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Tax season is upon us, which means it's time to start pulling out records and paying the government. While no one enjoys this process, it's possible to make it a little bit friendlier on your pocketbook. With these five tips and a little work, you can master the art of small business tax deductions.
1. Choose Wisely. Often times the law offers two accounting methods for small business tax deductions. For instance, if a business owner has kept impeccable records, it's possible to deduct the actual costs associated with business-related vehicles. However, the law also allows a business owner to deduct a pre-set mileage rate. The second choice may seem easier, but the first one may be more beneficial. When given options, it's necessary to determine which provides a larger deduction.
2. Be Ordinary and Necessary. IRS code section 162 permits small business tax deductions for anything that is deemed ordinary and necessary in the course of business. Sit down with IRS Publication 529 and any of the publications it refers to. Go through each category and write down any expenses that match up. You'll be surprised at what is deductible--professional publications, how-to books, continuing education and seminars.
3. It's Not Personal. Deducting personal expenses is so important that it deserves its own category. IRS employees know what they're looking for, and they'll be able to tell when an expense is personal. Be very meticulous about not deducting personal expenses, even if they are connected to business expenses. If a vacation was part business, part pleasure, only deduct a percentage of it. Same goes for a home office, a vehicle, and any loans.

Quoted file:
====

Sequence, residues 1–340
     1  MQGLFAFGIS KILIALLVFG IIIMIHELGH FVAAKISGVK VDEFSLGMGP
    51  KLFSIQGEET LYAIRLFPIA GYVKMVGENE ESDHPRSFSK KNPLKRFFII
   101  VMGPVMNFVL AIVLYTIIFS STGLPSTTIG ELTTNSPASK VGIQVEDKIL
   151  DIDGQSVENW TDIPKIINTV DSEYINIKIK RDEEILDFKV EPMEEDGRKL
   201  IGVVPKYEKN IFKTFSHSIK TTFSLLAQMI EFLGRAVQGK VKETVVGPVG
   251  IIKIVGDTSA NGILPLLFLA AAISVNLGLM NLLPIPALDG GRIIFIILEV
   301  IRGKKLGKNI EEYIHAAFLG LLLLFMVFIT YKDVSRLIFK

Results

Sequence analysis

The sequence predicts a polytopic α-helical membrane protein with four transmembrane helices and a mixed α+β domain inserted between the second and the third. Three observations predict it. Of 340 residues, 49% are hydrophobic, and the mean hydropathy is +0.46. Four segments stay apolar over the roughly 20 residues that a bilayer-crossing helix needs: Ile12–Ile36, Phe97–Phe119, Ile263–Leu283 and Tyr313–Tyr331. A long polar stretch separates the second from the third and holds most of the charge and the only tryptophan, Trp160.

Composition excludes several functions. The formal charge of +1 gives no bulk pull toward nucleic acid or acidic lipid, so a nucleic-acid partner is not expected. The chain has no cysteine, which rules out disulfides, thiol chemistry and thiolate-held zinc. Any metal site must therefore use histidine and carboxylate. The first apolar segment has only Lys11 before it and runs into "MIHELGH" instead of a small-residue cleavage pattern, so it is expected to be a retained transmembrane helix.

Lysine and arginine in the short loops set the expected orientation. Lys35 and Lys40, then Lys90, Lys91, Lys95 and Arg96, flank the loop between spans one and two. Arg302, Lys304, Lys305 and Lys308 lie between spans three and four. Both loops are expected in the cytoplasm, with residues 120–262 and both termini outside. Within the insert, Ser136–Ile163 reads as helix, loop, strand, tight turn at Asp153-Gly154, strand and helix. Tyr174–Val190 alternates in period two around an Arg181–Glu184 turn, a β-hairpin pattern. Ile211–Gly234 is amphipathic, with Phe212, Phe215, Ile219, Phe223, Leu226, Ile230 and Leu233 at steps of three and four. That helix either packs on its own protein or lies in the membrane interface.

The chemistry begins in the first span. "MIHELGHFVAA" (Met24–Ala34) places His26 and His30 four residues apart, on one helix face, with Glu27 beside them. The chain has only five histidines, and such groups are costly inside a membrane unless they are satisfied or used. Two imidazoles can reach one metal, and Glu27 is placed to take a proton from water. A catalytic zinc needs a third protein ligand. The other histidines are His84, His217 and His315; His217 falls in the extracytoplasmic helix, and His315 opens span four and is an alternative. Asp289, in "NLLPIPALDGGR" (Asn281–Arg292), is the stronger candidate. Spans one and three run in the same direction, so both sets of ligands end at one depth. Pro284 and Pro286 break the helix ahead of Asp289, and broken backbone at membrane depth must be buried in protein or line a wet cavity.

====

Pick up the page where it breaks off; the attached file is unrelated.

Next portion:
4. Tax Credits Are Your Friends. Just because there isn't a small business tax deduction doesn't mean there isn't a small business tax credit. Tax credits are wonderful things in that they save you a specified amount of money regardless of your tax bracket. There are a bunch of new tax credits out there for small businesses this year, including those related to general business credits, new employees, and health insurance.
5. Knowledge Is Power. Tax law is always changing, and 2010 was no exception. President Obama signed countless bills into law last year that provided tax cuts to small businesses. To get the most out of your small business tax deductions, you need to be up to date on these changes and understand how they impact you. Otherwise, you may be paying the government more than you owe, and no one wants that.
Meeting with a lawyer can help you understand your options and how to best protect your rights. Visit our attorney directory to find a lawyer near you who can help.